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Family Aid 2020
   Vol. 19 No. 76
Thursday December 24, 2020

     Every year around this time, I struggle to find new words to offer to our loyal FlyingTypers’ readers. I am not immune to the warm responses inspired by our annual Christmas story, and I would be posturing if I said it doesn’t feel good to know it is so well received. However, the pressure mounts to say something new; to not rehash the things you already know; to provide some meaningful insight into our holiday gathering.
     You know we are a family business in an age when most companies yearn to proclaim that simply for the feel-good cachet it affords them. People love a good legacy story. We just celebrated our 45th anniversary and no, you can’t put a price on that. In a world where everything has been commodified, you still can’t buy time or experience.
     My father, mother, and I—sprinkled with some help from my siblings—run the gamut of responsibilities to keep Air Cargo News FlyingTypers current, interesting, successful, and engaging, and we do it every hour of the day, every day of the week, 365 days a year. This is not an exaggeration. I return home for holidays and it has become routine to ‘take a meeting’ in the living room with my father, whether it’s pre-Thanksgiving dinner or post-New Year’s Day celebrations. We have a drink and warm by the fire, and I have the bonus of petting a very sweet dog when these conversations occur, but we are still working. Time off isn’t just a luxury—it’s a frivolity. You don’t become an industry leader lying on the beach.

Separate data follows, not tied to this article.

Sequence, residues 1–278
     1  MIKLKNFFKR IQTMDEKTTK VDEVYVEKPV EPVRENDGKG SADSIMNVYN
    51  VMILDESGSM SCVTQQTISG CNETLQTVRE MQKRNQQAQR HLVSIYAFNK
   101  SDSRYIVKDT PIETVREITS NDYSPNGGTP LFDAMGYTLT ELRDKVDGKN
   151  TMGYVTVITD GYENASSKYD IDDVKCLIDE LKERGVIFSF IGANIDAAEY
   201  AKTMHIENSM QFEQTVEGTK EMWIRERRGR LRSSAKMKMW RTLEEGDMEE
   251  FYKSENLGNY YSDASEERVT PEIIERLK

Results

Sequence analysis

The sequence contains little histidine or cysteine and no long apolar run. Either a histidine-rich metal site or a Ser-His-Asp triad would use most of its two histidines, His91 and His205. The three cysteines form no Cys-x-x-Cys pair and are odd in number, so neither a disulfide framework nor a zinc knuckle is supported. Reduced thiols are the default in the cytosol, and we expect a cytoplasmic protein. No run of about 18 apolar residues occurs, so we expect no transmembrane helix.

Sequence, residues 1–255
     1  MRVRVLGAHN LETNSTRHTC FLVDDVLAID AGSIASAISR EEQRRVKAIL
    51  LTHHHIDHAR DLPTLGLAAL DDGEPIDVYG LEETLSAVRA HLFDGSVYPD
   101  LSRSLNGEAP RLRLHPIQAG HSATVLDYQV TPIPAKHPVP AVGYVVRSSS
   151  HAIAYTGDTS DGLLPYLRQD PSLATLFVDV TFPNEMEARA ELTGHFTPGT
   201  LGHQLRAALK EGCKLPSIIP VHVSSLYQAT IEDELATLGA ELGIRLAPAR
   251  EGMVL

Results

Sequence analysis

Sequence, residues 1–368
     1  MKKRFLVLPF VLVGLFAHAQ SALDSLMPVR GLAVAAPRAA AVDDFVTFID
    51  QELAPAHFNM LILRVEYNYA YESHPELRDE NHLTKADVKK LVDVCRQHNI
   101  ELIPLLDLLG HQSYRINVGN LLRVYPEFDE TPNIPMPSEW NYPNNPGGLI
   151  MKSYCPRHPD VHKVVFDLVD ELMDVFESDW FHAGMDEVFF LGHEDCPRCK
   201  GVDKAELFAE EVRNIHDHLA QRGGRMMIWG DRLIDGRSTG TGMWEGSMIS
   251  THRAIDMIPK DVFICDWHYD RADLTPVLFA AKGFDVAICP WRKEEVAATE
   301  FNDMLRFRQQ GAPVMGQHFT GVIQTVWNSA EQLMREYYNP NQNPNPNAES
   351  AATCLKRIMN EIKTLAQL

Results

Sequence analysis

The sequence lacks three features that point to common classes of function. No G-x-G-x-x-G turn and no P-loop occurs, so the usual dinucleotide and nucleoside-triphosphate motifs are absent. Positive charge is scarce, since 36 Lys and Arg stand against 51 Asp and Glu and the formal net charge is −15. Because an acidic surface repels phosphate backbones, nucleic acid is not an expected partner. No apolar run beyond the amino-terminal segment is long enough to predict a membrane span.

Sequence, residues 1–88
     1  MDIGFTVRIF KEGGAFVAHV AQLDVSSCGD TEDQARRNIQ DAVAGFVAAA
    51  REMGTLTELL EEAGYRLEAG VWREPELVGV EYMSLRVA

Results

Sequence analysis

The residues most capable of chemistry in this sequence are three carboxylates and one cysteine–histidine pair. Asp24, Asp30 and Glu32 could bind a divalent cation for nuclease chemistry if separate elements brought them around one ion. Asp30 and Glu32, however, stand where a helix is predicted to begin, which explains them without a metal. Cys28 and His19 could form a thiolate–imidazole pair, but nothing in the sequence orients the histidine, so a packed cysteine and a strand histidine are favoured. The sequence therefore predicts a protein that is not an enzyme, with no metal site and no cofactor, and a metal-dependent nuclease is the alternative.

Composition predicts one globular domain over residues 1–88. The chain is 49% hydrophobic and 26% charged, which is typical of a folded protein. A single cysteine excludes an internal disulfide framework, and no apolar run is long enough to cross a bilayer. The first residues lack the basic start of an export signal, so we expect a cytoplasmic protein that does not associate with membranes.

This year of the Pandemic, I shook my brain like a snow globe to see what new holiday tradition might flutter to life and reveal itself as an interesting share.
     So here for a few moments we suspend disbelief as the story unfolds.
     Our readers this past twenty years that we have been sending this Christmas message might recall tales of our Santa-decorating tradition; the pancakes; the sausage; the presents; the tree; the movies; the pizza parties. What can I tell you that you don’t already know? For as cloistered as our family holidays can be—immediate family only—we routinely open our proverbial doors to the FlyingTypers community. So what haven't you heard?
     My father talks about air cargo a lot. He is the most dedicated, hard working person I know in the air cargo business aside from my mother. If he isn’t talking about air cargo, he’s talking about music, or aviation in general. But air cargo and its people are always at the forefront of his mind. The air cargo community is his great concern. And as anyone who has sat down with him for an interview well knows, once you get him started it’s best to just get out of his way and let him go. You learn more that way.
     I am not an aviation historian, and my knowledge of air cargo barely breaks the surface of what my father knows. It can be difficult, then, to engage in the conversations he finds most comfortable. And here is where I tell you something about our Christmas that you do not know, and have not heard.